Devon Travis, shown here in batting practice, maintains a minimalist approach at the plate. Photo credit: John Lott
The swing of Devon Travis is classically compact.
It features two timing tools that you have to look for to notice: a short pump of the back elbow and then, a split-second later, a tiny lift of the front foot.
Barely off the ground, his foot shifts forward a few inches, drags lightly on the instep, then flattens as the leg takes his full weight. His head stays down as his hands snap the bat through the strike zone.
His swing is so swift – “he’s got quick-twitch muscles,” says his hitting coach – that he can wait until the pitch is deep in the hitting zone before making contact. When that happens, he often lines a hit the opposite way to right field.
That has happened a lot lately. In 10 August games, the Blue Jays’ second baseman is slashing .400/.413/.689 and leads the majors in hits with 18. In the eight games since manager John Gibbons put him in the leadoff spot, he is batting .417.
Sure, small sample sizes. Here’s a bigger one. On June 11, Travis was batting .145, in consequence of a sluggish start after missing spring training, all of April and most of May during his final stages of rehab from shoulder surgery. Since June 11, he has 65 hits in 45 games, including nine homers. Over that span, he has slashed .353/.390/.576.
In the past week, his highlight reel has included a four-hit game, three of which he poked into right field, and a two-homer game, both of which he yanked high and deep to left.
“He gets ready on time – that’s number one,” hitting coach Brook Jacoby told me. “The pitch dictates where he’s going to hit it. He doesn’t predetermine. His approach is to right-centre all the time, but his timing allows him to get the bat head out front to the ball.”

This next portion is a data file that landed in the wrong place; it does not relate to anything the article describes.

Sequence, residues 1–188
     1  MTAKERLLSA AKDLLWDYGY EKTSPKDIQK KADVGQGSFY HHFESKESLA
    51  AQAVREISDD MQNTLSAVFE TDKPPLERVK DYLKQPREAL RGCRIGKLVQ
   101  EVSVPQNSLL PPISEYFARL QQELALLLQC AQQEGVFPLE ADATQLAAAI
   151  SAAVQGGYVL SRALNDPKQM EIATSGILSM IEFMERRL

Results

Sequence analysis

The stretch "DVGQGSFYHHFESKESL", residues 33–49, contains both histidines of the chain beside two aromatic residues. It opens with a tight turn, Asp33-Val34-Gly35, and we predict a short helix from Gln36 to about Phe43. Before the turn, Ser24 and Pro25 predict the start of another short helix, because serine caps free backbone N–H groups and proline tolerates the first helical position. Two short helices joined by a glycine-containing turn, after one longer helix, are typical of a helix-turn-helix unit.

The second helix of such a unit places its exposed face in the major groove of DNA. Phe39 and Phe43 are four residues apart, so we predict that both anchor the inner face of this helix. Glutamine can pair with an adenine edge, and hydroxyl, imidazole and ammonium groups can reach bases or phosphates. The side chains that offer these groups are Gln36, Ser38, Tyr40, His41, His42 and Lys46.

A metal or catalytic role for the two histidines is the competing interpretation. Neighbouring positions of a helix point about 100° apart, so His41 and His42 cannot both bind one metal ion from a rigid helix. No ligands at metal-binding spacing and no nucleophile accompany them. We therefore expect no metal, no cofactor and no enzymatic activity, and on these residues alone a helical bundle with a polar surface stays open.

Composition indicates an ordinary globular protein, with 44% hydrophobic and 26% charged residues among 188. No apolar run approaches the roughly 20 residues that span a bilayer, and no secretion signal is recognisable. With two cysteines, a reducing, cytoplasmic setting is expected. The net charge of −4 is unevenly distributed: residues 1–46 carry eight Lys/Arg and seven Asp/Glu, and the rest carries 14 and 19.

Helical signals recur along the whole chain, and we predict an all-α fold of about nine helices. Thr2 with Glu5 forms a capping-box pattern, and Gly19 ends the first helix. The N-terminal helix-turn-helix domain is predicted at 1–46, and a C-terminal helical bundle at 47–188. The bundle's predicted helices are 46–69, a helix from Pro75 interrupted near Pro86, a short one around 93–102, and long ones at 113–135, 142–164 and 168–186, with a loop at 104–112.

When I asked Travis about that, he said his good timing and minimalist mechanics took root at Palm Beach Central High School in Florida. No big leg lift. No waggling the bat. No extraneous motion.
“I’ve always hit like that,” he said. “My high school coach (Scott Benedict) was really big on it. He always preached that you have to have your foot down before the pitcher releases the ball.
“I used to put it down way early. As time went on and I got to college, I found that if I got ready too early, guys would start flipping (off-speed) stuff and I’d be out front and off-balance. What I’ve learned is, there’s like a rhythm to it. Even if I get it down early, there’s got to be some continuous motion.”
In his short major-league career, he has refined his approach, learning to adapt his timing to the pitcher he is facing.
“Take (Hisashi) Iwakuma of Seattle, his delivery is really slow, so I have to figure out my timing on when I’m going to get ready to hit,” he says. “And then a guy like Tyler Anderson from Colorado, he gave me a pretty hard time because he does some herky-jerky stuff. When I get my foot down depends on the pitcher.”
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Travis was hardly a can’t-miss prospect when the Blue Jays acquired him from Detroit in November 2014 for Anthony Gose. It turned out to be a steal of a deal. Gose had a decent season for the Tigers last year, but then, owing to poor performance and bad attitude, he has spent most of this year in the minors. He is batting .225 for the Double-A Erie SeaWolves.
Travis also knows Erie. That was the last team he played for before joining the Jays and winning a starting job out of spring training last year. He took off in April, but a mysterious shoulder injury limited him to 62 games and required two surgeries to fix. Given his hot start, and the way the team finished without him, it was an agonizing year for the young second baseman.